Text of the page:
The concept of Artificial Intelligence, known as AI, is now a major point of discussion in the healthcare sectors and also the users of NHS. The world of artificial intelligence is a field of computer science that focuses on the development of intelligent machines and systems capable of performing tasks that typically require human intelligence. AI is based on the concept of creating computer systems that can learn, reason, problem-solve, and adapt based on data and experience.
At its core, AI is built on algorithms and mathematical models that enable machines to process and analyze data, recognize patterns, make predictions, and take actions or make decisions. These algorithms can be designed to mimic human cognitive processes, such as perception, reasoning, learning, and problem-solving.
Among its key components and approaches are Machine Learning, which involves machines learning from data and improving performance without being explicitly programmed. There is also the potential of Deep learning models, which can handle complex data, such as images or natural language, by hierarchically learning representations of the data. This is known as Natural Language Processing (NLP).
One of the most valuable assets of AI is the ability of machines to understand and interpret visual information from images or videos. This enables machines to recognize objects, detect patterns, and extract meaningful information from visual data.
Most of us are familiar with Robotics, which is also based on computer technology enabling machines to perceive and interact with their environment, make autonomous decisions, and perform physical tasks.
Overall, AI is a multidisciplinary field that combines computer science, mathematics, statistics, and cognitive science to create intelligent systems that can simulate human intelligence and perform tasks that were traditionally exclusive to humans. AI has the potential to significantly benefit the patient experience in hospitals.
The most important focus for any patient is the anxiety due to the delay in accessing a consultant and the expectations regarding the efficiency of the diagnostic process and follow-up care. The essence of the process is effective and simplified communication, as well as the quality of care. We have been accustomed to being seen by a medical professional face to face, which has a huge feel-good factor and instils confidence in the establishment.
Many users of our NHS services are sceptical of the changing culture of making appointments to see their GP and feel disfranchised when contacted by various support staff from the surgery or hospital outpatient department.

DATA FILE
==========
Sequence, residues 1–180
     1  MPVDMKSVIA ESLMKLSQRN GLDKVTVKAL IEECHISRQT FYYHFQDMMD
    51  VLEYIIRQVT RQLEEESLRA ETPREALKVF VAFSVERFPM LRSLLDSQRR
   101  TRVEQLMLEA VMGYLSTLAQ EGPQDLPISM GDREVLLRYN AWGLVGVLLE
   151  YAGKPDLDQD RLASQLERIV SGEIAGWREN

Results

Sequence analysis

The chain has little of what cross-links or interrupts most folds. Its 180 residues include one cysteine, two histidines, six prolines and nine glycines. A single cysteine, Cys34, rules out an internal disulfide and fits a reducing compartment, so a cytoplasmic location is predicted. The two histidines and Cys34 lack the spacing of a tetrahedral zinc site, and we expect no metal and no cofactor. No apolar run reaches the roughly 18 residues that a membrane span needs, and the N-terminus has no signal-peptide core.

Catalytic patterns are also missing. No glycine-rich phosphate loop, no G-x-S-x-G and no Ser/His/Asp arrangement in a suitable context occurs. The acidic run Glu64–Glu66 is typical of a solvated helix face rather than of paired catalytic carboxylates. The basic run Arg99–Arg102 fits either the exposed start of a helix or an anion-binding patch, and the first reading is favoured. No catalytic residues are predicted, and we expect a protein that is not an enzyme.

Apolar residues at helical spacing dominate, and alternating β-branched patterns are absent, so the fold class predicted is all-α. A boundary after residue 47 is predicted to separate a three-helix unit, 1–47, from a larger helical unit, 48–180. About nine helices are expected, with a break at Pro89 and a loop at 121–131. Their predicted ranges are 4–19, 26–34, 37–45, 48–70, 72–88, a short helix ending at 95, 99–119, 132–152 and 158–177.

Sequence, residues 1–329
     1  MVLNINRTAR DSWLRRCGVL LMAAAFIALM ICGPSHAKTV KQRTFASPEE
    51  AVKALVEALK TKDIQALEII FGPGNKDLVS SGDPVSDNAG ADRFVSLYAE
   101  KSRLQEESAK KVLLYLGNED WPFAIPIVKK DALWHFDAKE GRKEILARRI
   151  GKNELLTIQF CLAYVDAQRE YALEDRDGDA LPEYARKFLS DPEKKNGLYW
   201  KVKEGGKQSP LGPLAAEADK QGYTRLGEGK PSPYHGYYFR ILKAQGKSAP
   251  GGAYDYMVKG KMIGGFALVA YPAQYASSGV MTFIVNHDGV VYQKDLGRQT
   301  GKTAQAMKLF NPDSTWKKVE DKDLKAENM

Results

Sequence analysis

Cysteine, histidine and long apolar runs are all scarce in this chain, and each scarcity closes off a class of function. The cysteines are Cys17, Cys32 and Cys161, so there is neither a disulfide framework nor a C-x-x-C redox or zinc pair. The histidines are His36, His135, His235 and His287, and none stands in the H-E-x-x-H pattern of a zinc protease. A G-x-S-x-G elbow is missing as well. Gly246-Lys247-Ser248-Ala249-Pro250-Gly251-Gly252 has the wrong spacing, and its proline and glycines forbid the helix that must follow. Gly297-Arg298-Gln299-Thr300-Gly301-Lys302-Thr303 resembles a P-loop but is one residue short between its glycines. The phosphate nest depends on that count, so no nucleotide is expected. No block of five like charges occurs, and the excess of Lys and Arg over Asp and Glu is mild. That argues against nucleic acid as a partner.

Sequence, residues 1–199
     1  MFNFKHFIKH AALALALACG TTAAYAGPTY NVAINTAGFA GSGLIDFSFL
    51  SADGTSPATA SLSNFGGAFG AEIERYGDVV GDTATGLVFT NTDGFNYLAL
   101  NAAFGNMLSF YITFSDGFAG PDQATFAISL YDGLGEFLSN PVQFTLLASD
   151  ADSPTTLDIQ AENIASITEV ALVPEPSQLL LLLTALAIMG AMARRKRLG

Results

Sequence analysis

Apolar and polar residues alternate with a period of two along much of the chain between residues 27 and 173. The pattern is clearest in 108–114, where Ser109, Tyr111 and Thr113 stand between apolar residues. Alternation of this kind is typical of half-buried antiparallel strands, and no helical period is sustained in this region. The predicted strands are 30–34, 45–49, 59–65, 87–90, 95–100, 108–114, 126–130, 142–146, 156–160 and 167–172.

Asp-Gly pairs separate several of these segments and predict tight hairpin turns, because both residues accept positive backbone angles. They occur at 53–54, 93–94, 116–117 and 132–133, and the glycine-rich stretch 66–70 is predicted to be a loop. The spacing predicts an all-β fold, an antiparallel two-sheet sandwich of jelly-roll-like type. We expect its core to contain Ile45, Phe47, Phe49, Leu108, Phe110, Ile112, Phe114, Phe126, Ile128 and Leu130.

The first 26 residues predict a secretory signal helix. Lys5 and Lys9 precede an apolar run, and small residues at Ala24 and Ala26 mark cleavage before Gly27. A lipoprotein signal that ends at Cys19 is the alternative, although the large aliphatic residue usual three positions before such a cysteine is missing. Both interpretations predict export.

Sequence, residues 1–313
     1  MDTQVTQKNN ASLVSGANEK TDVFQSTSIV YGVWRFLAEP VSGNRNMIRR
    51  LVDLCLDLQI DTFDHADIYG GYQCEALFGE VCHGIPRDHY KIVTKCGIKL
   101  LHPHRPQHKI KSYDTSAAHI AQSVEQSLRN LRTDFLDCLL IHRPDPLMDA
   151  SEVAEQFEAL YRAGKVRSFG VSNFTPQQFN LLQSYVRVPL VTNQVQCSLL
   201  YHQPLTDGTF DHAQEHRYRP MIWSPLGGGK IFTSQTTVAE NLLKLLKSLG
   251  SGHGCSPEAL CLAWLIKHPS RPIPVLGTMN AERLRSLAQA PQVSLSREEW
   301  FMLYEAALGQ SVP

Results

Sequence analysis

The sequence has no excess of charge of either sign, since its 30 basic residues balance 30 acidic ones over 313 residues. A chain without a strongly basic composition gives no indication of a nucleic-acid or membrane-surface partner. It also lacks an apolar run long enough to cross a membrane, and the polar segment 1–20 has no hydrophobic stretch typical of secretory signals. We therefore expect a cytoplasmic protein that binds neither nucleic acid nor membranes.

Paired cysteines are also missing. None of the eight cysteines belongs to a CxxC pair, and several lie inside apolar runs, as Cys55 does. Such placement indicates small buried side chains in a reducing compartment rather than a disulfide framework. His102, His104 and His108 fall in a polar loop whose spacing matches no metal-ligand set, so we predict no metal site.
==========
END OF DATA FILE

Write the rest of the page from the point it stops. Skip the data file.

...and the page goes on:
It is important to realize that we are already witnessing the computerization of medical records and the appointment system to ensure more efficient management of these processes. Patient records are shared digitally, allowing the entire medical record to be accessed during consultations instead of waiting for physical transfers between the GP surgery, testing laboratories, radiologists, and hospital consultants.
This is all part of the early introduction of the AI system, which is now being taken to a more advanced level for its use in diagnostic, treatment, and aftercare programs. AI can be incredibly useful in monitoring regional health conditions and analysing the responses of local GPs, even though it may sometimes cause discomforting thoughts. It is an asset, a complementary process with the ability to aid in the surveillance and early detection of disease outbreaks, track the spread of infectious diseases, and identify potential health risks in specific regions.
As technology updates with medical knowledge, it becomes more efficient at interpreting medical data, such as patient symptoms, test results, and medical histories, to support healthcare professionals in making accurate diagnoses and treatment recommendations. The cumulative data can also help provide more accurate evidence-based guidelines and suggest appropriate courses of action.
As we age and learn more about various conditions, advancements in AI technology would be able to provide us with early warnings of health risks and the early stages of these conditions.